“I do think though that there could be another major problem. Now, will it happen next week, next year, I don’t know? Certainly nobody knows, but I don’t think that the system is working properly. I really find it amazing that we’re almost back to where it was, where there’s so much leverage going on in the investment banks today. There’s just way too much leverage and way too much risk-taking, with other people’s money. 

I know a lot of my friends on Wall Street will hate my saying this, but the Glass-Steagall thing or something like it wasn’t a bad thing.  In other words, a bank should be a bank. Investment bankers should be an investment banker. Investment bankers serve a purpose, raising capital and whatever, but I think today, and I know a lot of people won’t like hearing this, what’s going on today, I think we’re going back in the same trap, and I will tell you that very few people understood how toxic and how risky those derivatives were. CDS were extremely risky the way they were used, and you look at Wall Street and you say, hey, they did it, but then you can’t really blame the Wall Street guys. You can’t blame a tiger.  If you take a fierce man-eating tiger and put him in with a lot of sheep, you can’t blame the tiger for eating the sheep. That is his nature. And that’s the nature of Wall Street guys and I’m not saying their bad but that’s their nature. And the government should regulate finance.”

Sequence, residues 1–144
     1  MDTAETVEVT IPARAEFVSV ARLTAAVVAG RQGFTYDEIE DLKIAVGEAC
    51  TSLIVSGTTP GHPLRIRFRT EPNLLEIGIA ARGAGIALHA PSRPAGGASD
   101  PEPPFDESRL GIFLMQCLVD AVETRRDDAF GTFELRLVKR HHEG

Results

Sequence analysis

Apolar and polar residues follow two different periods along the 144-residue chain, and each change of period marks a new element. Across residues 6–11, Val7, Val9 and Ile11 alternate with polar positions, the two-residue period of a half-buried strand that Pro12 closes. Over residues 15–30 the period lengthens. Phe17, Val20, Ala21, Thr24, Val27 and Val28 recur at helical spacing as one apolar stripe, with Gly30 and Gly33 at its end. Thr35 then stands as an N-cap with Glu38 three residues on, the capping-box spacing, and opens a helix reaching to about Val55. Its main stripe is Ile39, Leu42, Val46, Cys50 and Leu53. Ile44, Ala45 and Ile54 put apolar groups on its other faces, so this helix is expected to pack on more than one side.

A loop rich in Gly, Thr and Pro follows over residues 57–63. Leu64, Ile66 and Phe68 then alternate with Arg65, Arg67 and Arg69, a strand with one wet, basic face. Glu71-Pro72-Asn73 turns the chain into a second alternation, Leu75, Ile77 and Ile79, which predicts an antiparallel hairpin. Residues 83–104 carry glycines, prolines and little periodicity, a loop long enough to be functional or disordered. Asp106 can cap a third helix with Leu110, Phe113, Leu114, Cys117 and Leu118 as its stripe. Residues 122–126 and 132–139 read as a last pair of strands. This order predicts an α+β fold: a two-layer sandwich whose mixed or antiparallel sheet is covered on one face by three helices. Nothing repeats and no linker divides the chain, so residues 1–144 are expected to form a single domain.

Vodpod videos no longer available.

Global Witness unveils Libyan Investment Authority holdings and the key bankers

26 May

From the Global Witness website:

“Global Witness has been leaked a draft presentation that appears to show the investment position for the Libyan Investment Authority (LIA) as of 30 June 2010, which stood at $53 billion. The information shows the diversity of Libyan assets held by major financial institutions:

  • HSBC holds $292.69 million across ten accounts and Goldman Sachs has $43 million in three accounts. The funds are in U.S. dollars, British pounds, Swiss Francs, Euros and Canadian dollars.
  • A much larger portion of the LIA’s deposits – $19 billion – are held in Libyan and Middle Eastern banks, including the Central Bank of Libya, the Arab Banking Corporation and the British Arab Commercial Bank.
  • Almost $4 billion of the LIA’s funds are held in structured products with banks, hedge funds and private firms such as Societe Generale ($1 billion), JP Morgan ($171 million) and OCH-ZIFF ($329 million).  
  • The LIA owns billions of dollars of shares in household name companies such as General Electric, BP, Vivendi and Deutsche Telekom.”

Download the full document here

Michael Burry’s FCIC Testimony – Audio

29 Apr

http://fcic.law.stanford.edu/interviews/view/14